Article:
Jeff Bezos' Blue Origin plans massive rocket for its first orbital flights

Jeff Bezos launches a rocket...and lands it
Jeff Bezos launches a rocket...and lands it

Jeff Bezos' Blue Origin has already achieved its goal of launching a reusable rocket into outer space. Now the company is planning to take the next step and put a satellite or even people into Earth's orbit.

The company's existing rocket, New Shepard, has only made suborbital flights that reach just beyond the edges of Earth's gravity and atmosphere before returning to land upright on the ground.

On Monday Amazon (AMZN) founder Bezos announced plans for a multi-stage rocket that would be nearly as high as the Saturn V rocket that carried astronauts to the moon, and which would be able to take payloads into orbit around the Earth.

The new rocket will be named New Glenn, after astronaut John Glenn, who became the first American to orbit the Earth in 1962. New Shepard was named after Alan Shepard, who became the first American in space with a suborbital flight nine months before Glenn's flight.

"We plan to fly New Glenn for the first time before the end of this decade," Bezos said Monday.

A two-stage version of New Glenn would stand 270 feet tall, while a planned three-stage version would be 313 feet tall.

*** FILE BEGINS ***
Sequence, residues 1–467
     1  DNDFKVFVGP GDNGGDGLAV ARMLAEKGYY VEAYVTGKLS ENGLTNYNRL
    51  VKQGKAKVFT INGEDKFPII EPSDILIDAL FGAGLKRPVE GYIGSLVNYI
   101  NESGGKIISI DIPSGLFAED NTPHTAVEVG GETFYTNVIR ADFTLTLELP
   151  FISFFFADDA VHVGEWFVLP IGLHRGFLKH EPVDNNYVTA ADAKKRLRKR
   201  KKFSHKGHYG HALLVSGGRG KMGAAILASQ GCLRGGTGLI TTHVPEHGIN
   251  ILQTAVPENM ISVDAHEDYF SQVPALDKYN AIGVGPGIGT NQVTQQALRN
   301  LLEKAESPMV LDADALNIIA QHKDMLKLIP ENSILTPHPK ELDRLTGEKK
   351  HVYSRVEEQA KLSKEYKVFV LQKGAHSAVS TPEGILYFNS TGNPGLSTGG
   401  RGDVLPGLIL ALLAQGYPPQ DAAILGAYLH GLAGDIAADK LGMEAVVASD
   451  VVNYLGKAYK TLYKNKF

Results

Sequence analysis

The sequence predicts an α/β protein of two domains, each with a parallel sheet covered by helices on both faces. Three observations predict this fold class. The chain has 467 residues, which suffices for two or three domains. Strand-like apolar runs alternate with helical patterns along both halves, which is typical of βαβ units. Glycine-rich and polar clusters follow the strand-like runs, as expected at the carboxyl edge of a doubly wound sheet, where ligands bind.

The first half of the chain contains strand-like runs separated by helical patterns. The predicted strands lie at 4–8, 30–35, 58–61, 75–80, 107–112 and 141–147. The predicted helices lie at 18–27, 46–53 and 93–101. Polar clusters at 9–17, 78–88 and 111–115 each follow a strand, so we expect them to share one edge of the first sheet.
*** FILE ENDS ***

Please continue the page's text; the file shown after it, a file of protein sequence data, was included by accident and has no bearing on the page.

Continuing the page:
The three stage rocket would be able to reach above low Earth orbit, which is where the International Space Station now circles Earth and space shuttle flights reached.

Both version of New Glenn would tower over New Shepard, a single-stage rocket.

New Shepard became the first rocket to reach space and then land upright last November. The company plans to drastically cut the cost of space flights by being able to reuse rockets rather than discarding them after a flight. It has since relaunched the same rocket and landed it again in three additional flights.

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New Shepard has yet to carry people into space in its capsule designed to hold six people. Bezos predicted in March that manned flights would begin within two years.

When the manned flights start, it is expected they will be carrying space tourists, people willing to spend large sums of money to experience the weightless of space and the view of Earth from outer space, even if they are in space for a very short period of time. It is competing with Virgin Galactic to carry such tourists on suborbital flights.

Blue Origin would not disclose whether passengers atop the New Glenn would be space tourists or whether it hopes to win a contract from NASA to carry astronauts to and from the International Space Station.

Rivals SpaceX and Boeing (BA) have won contracts from NASA to carry astronauts to and from the ISS as soon as next year. However SpaceX had a rocket explode on the launch pad at Cape Canaveral earlier this month, which could possibly delay its first manned flight.

Both companies have already carried supplies to ISS and have launched satellites into orbit.

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